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“Seniors turn out to vote,” he said, adding that this may be because of the generation’s pride of “civic duty.”

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For example, in the 2016 U.S. presidential election, 71 per cent of Americans over the age of 65 voted, compared with 46 per cent among ages 18 to 29, according to U.S. Census Bureau data.

Trump had the senior vote in 2016

In the 2016 election, Trump’s strongest age demographic among voters was with older adults.

A 2016 CNN exit polls showed that while Hillary Clinton won voters aged 45 and under by 14 percentage points, Trump won voters aged 45 and older by eight points.

Another study on the 2016 presidential election by Pew Research Center found that voters aged 65 and older were Trump’s strongest age demographic; he had a nine-point percentage lead over Clinton.

Read more: Who voted for Donald Trump?

And this makes sense as older voters tend to be more conservative and younger voters more liberal, Powers said.

In 2012, Mitt Romney won the over-65 vote by 12 points, according to Pew Research; in 2008, John McCain won them by eight percentage points.

But recent polls show Trump losing his senior voters and Biden gaining them. Powers said he’s unsure exactly why this may be happening but suggests that the age demographic may be “fed up” with the “disruption” over the last four years.

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Seniors turning to Biden?

“I suspect there are multiple reasons for the change in polling (among seniors),” Powers said. “In 2016, people wanted a change, and seniors were more supportive of the disruption Trump was offering. Well, that disruption has become a hot mess, especially for those who worked hard to build the U.S.”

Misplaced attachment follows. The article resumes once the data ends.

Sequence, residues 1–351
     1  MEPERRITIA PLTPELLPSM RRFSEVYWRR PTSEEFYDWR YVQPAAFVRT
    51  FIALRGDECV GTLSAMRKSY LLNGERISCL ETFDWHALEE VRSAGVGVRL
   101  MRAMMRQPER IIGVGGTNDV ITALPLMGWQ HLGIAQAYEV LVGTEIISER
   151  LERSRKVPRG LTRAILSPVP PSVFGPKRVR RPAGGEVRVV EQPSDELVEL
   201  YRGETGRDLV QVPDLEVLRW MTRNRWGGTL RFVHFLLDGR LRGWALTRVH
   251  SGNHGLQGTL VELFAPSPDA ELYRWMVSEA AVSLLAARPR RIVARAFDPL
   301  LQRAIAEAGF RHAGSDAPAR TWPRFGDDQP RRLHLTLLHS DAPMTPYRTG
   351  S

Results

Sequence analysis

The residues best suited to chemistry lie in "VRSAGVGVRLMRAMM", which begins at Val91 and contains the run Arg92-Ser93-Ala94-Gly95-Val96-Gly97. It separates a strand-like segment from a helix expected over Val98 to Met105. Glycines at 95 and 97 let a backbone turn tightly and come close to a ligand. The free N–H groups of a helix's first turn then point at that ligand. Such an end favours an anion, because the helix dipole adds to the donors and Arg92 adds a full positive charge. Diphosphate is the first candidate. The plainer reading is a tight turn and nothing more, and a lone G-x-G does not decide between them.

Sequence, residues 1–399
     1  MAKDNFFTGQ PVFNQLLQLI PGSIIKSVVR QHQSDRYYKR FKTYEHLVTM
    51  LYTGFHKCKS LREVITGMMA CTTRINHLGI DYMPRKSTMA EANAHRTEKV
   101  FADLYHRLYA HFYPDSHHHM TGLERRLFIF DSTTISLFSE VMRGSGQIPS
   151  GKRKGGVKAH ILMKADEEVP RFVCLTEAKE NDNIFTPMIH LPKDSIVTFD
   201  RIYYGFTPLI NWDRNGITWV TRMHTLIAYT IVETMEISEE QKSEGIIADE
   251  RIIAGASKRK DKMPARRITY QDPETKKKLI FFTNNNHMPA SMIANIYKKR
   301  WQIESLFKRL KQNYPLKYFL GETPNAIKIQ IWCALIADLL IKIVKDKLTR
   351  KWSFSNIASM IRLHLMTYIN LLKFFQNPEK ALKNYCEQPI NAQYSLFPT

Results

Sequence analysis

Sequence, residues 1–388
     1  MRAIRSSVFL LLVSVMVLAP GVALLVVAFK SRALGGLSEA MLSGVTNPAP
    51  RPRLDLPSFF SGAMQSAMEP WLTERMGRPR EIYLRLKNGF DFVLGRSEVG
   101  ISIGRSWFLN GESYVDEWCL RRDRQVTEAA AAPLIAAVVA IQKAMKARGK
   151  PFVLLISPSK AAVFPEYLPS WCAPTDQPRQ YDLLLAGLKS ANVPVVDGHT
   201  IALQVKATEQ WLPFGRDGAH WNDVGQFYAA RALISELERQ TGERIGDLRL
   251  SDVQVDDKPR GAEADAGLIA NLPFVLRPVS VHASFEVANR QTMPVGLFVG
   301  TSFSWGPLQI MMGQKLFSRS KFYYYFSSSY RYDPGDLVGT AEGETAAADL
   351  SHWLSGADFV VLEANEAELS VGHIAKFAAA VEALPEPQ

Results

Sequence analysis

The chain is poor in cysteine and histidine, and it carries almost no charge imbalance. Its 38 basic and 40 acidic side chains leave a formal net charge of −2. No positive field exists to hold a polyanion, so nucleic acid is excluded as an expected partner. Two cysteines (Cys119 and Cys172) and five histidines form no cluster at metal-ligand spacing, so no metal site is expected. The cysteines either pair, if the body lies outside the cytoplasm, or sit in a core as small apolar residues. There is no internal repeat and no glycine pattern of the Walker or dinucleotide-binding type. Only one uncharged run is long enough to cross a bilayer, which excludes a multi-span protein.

“I think after four years it’s getting tougher to support Trump, maybe it’s a bit of embarrassment,” he added.

Patrick Murray, director of the Independent Monmouth University Polling Institute, told the L.A. Times in the spring that a possible explanation of Trump losing senior votes is that there’s been too much political chaos.

Read more: Biden’s campaign seeks to keep focus on coronavirus amid Trump’s positive test

“A sizable chunk of these senior voters, who have seen a lot more politics over the years and can compare to prior administrations, feel there has been a lot more chaos in D.C. than they bargained for when they backed Trump in 2016, and they just want some normalcy in the White House.”

Powers said seniors may not choose to vote at all, or decide to vote for Biden instead.

“He is a senior too. He is 77, the oldest presidential candidate Americans have ever had. Perhaps there is comfort in that among seniors,” Powers argued. “He also has had 47 years of service and maybe they see he is committed to his country.”

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But Powers stressed that just because the polls say Biden may be ahead, it does not mean he will win.

Trump still strikes a chord among many Americans, he said.

“He goes against convention and his reality schtick really appeals to people. He does have a strong pool of voters,” he said.